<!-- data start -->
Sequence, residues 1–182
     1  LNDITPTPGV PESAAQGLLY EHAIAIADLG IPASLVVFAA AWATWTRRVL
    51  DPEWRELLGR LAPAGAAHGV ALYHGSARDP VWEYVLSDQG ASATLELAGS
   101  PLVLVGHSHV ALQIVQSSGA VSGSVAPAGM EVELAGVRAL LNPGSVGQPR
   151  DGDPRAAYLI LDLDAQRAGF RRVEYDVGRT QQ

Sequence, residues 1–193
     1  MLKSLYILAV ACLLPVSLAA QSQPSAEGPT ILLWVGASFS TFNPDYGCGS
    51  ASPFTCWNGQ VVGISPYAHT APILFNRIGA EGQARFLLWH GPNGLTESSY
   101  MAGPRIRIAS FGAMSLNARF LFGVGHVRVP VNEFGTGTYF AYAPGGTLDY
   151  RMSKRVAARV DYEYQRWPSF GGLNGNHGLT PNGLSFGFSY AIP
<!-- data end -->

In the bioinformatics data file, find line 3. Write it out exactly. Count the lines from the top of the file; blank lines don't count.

    51  DPEWRELLGR LAPAGAAHGV ALYHGSARDP VWEYVLSDQG ASATLELAGS